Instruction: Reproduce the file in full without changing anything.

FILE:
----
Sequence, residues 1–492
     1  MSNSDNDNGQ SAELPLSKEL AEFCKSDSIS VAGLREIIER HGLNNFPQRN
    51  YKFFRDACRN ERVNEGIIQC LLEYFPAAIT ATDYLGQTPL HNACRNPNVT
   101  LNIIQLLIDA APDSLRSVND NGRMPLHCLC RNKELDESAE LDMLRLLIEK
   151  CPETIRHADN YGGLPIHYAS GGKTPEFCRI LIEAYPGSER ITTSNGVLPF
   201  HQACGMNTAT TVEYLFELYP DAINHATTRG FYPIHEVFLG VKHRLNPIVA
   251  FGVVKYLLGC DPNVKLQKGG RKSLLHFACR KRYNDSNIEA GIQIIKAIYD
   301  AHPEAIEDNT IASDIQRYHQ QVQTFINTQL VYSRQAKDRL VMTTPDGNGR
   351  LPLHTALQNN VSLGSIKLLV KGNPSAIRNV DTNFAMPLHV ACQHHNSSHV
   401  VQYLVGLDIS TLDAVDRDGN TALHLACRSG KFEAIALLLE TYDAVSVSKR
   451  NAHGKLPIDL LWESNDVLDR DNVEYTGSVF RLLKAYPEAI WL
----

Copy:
Sequence, residues 1–492
     1  MSNSDNDNGQ SAELPLSKEL AEFCKSDSIS VAGLREIIER HGLNNFPQRN
    51  YKFFRDACRN ERVNEGIIQC LLEYFPAAIT ATDYLGQTPL HNACRNPNVT
   101  LNIIQLLIDA APDSLRSVND NGRMPLHCLC RNKELDESAE LDMLRLLIEK
   151  CPETIRHADN YGGLPIHYAS GGKTPEFCRI LIEAYPGSER ITTSNGVLPF
   201  HQACGMNTAT TVEYLFELYP DAINHATTRG FYPIHEVFLG VKHRLNPIVA
   251  FGVVKYLLGC DPNVKLQKGG RKSLLHFACR KRYNDSNIEA GIQIIKAIYD
   301  AHPEAIEDNT IASDIQRYHQ QVQTFINTQL VYSRQAKDRL VMTTPDGNGR
   351  LPLHTALQNN VSLGSIKLLV KGNPSAIRNV DTNFAMPLHV ACQHHNSSHV
   401  VQYLVGLDIS TLDAVDRDGN TALHLACRSG KFEAIALLLE TYDAVSVSKR
   451  NAHGKLPIDL LWESNDVLDR DNVEYTGSVF RLLKAYPEAI WL